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Homework Help: Gravitational potential energy of baseball

  1. Oct 18, 2007 #1
    1. The problem statement, all variables and given/known data
    A baseball is thrown from the roof of a 22.0-m-tall building with an inital velocty of magnitude 12.0 m/s and directed at an angle of 53.1 degrees above the horizontal.
    a) What is the speed o fthe ball just before it strikes the ground? Use energy conservation and ignore air resistance.
    b) What is the answer for part (a) if the inital velocity is at an angle of 53.1 below the horizontal?
    c) If the effects of air resistance are included, will part (a) or part (b) give the higher speed?

    Vo = 12 m/s
    y1 = 22m
    y2 = 0m
    a = -9.8 m/s²
    Voy=(12m/s)sin53.1 = 9.6 m/s
    don't know why they don't give any variables for mass of the baseball.. ;\
    other problems use .145kg for baseball so i decided just to use that
    2. Relevant equations
    E= K + Ugrav = constant
    K= 1/2mv1²
    1/2mv1² + mgy1 = 1/2mv2² + mgy2

    3. The attempt at a solution
    Initially, I'm guessing that the baseball only has potential energy, and when it hits the ground it's all transformed into kinetic energy.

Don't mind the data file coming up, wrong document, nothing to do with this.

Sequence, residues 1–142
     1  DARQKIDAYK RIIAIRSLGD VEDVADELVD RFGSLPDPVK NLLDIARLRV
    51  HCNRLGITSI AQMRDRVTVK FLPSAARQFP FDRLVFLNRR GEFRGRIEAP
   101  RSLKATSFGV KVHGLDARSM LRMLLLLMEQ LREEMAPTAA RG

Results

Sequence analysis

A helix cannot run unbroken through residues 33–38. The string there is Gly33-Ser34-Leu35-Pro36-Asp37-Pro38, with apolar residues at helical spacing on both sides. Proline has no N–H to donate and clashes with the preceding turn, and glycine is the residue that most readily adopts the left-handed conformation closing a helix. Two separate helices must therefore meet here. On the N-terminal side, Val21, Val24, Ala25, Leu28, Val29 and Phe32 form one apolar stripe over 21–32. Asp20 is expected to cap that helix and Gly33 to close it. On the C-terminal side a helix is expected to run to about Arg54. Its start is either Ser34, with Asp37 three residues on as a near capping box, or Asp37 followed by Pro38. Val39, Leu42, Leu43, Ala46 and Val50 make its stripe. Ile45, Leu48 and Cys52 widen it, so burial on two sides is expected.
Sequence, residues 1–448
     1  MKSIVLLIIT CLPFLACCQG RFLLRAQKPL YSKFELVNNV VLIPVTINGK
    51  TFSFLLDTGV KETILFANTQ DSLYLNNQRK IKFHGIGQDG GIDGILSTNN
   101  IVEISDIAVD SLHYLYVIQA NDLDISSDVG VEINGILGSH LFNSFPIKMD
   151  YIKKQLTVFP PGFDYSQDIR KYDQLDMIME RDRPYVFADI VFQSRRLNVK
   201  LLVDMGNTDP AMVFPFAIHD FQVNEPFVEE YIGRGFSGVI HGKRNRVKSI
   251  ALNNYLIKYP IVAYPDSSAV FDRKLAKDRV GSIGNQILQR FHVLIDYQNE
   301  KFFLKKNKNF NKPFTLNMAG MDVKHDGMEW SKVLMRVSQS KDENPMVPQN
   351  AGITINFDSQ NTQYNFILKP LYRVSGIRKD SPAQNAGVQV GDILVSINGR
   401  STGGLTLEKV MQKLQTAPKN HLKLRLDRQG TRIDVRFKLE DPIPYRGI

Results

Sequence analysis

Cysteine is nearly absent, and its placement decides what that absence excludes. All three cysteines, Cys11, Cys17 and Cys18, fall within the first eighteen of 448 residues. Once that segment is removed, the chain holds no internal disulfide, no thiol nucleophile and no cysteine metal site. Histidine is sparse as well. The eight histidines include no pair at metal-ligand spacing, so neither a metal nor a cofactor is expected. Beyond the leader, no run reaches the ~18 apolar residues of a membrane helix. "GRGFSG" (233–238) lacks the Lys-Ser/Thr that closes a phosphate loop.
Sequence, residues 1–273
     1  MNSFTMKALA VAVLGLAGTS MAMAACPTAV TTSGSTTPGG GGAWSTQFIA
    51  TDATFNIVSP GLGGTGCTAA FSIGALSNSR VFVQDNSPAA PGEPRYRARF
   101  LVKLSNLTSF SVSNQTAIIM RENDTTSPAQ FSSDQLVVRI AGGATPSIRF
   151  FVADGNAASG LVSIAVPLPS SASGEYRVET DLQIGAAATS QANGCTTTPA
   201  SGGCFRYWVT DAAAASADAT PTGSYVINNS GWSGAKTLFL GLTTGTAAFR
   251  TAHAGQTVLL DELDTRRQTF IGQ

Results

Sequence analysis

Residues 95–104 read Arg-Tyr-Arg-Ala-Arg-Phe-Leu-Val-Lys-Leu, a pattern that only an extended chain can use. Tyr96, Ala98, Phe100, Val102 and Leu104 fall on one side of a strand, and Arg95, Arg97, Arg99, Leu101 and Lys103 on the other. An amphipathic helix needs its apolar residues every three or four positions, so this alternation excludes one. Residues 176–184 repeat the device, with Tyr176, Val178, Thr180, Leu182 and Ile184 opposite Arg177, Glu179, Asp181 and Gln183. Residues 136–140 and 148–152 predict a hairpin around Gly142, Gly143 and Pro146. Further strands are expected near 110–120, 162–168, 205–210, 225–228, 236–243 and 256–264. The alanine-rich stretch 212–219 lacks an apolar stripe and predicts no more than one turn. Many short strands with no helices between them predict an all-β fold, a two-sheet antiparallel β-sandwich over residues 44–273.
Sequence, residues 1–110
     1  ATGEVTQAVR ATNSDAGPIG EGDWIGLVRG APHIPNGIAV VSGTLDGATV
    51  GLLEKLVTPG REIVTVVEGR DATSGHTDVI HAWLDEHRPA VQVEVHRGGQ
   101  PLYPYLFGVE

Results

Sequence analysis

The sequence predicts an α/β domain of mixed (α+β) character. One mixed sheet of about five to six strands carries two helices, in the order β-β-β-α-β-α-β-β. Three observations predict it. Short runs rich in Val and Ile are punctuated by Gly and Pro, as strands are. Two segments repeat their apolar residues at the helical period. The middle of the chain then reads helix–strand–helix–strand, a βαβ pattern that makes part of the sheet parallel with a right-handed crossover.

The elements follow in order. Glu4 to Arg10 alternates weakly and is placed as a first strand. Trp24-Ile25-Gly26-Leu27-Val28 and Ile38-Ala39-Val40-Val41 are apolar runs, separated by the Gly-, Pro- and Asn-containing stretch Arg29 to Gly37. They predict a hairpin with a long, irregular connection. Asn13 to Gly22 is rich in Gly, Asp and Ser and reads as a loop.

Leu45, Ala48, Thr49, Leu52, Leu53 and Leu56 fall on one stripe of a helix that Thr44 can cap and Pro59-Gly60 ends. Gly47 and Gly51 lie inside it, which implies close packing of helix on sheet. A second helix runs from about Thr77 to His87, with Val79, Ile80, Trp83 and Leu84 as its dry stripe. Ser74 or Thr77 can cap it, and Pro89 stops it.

K1 + Ugrav1 = K2 + Ugrav2
    0 + Ugrav1 = K2 + 0
    Ugrav1 = K2 (initial gravitational potential engergy = final kinetic energy)
    K2 = 1/2mv2² = (1/2)(.145kg)(9.6m/s)² = 6.7J
    Ugrav1 = mgy1 = (.145kg)(9.8m/s²)(22m) = 31.2 J
    and i'm stuck.

    how do i find the speed?

    for part (b) i know that the velocity will be the same as the first part, because when it returns back from throw point, it will end up having the same velocity as if it were thrown 53.1 degrees above.
    Last edited: Oct 18, 2007
  2. jcsd
  3. Oct 18, 2007 #2

    Doc Al

    User Avatar

    Staff: Mentor

    You are given the initial speed of the ball, so it has kinetic energy.
  4. Oct 18, 2007 #3
    Incidentally, the mass of the ball is NOT needed to solve this problem.

    Does the ball only have potential energy to start with? Isn't it launched at a certain speed?
  5. Oct 18, 2007 #4
    Oops, sorry for repeating what Doc Al said
  6. Oct 18, 2007 #5
    oh youre right it does have kinetic energy..
    K1 + Ugrav1 = K2

    mass isn't required? do i just omit it from all parts?
    i still don't know how to get to the velocity.
    Last edited: Oct 18, 2007
  7. Oct 19, 2007 #6
    You will find if you divide both sides of:
    K1 + Ugrav1 = K2
    by the mass, the problem does not contain mass.
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